Toning Canvas

If you’re a painter and have been exposed to many other working artists (in workshops, plein air events, etc) you’ll notice some commonalities in how we paint, and certainly lots of individual differences. One significant difference I’ve noticed to the practice of toning your canvas. Most plein air artists agree that a start white canvas working outdoors (even in the shade) is very hard on the eyes. It also detracts–I think–from one my goals, which is freedom. I want to be loose! Have fun! I don’t want to see bits of stark white showing up here and there. It’s a distraction.

Artists have solved this problem by toning their canvas, either at their painting site or in the studio. For the uninitiated: toning is the practice of deadening the white of a canvas with a color, usually in a light to mid-value range. Toning on site has it’s advantages: you can select the undertone to match the scene more closely. However, the disadvantage I see is that I believe it usually results in slightly more grayish, muddy colors. And I love color.

What color to tone? This is a rather difficult question, there are so many exceptions, and by the way, some artists only tone one color all the time. I vary my tone. Ted Georschner tones with a Yellow Ocher; Ken Auster tones with a medium value gray. Both undeniably master artists, so there is no right or wrong answer. Its what you’re comfortable with.

I tone an equal number of linen canvas boards with Yellow Ocher and with Gray. I’ve studied with both Ted and Ken, and I’ve seen the value in both–depending upon the circumstances. Basically, I use a Grey tone on paintings where the light is Grey-ish (eg, night scenes, cloudy days, etc). I use a Yellow Ocher tone when I want a strong feeling of sun light. The details of two different paintings below demonstrate each approach. The gray I use is a Golden Acrylic Gesso, and I mix the gray myself using a combination of Paynes Gray and Cadmium Red (both acrylic, of course). The Yellow Ocher is Classic Artist Oils, right out of the tube.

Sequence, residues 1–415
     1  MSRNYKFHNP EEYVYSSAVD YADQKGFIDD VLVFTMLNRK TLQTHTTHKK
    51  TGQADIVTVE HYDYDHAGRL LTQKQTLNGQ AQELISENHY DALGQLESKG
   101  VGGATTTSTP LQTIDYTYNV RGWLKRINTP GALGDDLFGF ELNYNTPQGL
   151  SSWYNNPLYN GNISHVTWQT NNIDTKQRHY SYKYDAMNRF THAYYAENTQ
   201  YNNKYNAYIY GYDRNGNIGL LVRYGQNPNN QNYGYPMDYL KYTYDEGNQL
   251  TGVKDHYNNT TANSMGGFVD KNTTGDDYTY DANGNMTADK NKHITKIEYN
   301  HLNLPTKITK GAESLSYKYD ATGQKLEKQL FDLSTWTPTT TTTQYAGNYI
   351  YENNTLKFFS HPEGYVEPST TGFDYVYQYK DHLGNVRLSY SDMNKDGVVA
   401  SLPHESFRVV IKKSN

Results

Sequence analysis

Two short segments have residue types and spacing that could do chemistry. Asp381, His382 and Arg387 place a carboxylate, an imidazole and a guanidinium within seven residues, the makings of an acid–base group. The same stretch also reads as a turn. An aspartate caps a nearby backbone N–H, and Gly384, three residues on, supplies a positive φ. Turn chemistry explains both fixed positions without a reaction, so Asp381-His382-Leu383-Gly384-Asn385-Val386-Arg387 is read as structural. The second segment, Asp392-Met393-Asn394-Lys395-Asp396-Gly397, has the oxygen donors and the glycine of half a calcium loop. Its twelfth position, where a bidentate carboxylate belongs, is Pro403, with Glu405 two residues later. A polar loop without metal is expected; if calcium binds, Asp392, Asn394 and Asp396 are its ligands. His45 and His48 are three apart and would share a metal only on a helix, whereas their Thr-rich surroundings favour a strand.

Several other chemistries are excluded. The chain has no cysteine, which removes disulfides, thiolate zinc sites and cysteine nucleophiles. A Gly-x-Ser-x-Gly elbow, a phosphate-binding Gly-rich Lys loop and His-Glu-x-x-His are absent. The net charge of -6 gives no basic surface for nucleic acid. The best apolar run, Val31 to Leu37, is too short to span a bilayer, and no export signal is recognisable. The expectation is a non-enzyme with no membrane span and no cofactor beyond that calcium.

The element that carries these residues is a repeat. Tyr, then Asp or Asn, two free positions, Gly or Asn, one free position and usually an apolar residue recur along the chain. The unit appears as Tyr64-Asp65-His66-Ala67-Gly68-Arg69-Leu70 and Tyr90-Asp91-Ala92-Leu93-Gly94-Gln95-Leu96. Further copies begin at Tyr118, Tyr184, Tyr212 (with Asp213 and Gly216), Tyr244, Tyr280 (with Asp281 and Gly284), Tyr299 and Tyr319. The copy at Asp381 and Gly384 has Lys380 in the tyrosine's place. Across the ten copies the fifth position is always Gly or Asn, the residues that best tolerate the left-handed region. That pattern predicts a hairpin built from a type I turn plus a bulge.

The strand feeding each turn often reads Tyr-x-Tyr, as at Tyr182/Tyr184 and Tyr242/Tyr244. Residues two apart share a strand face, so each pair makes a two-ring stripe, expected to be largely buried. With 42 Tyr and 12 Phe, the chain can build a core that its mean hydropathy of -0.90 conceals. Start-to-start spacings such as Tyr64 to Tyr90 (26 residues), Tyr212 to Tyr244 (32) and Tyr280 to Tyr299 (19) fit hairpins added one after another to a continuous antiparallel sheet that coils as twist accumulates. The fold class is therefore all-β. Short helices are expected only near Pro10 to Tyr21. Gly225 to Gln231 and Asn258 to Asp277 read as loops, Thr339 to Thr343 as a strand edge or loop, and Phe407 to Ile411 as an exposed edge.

This is a detail from a snow scene in which I used a gray toned board. It was quite cloudy, and there was a lot of gray in the picture. Made life easier.
This is also a snow scene detail, but there was bright sunlight strong. The bits of Yellow showing through the canvas add a sense of light.

So, what’s right for you? You’ll never know, until you experiment. Happy Painting!

PS. A toned canvas must be dry thoroughly before you apply paint, because it can easily wipe off. I dry my toned canvases (and even finished paintings) in my oven. Don’t laugh! I have about a dozen pilot lights in this old Wedgwood stove, may as well use that energy for some purpose. I leave them in for a day or two (no more, otherwise the boards can warp).

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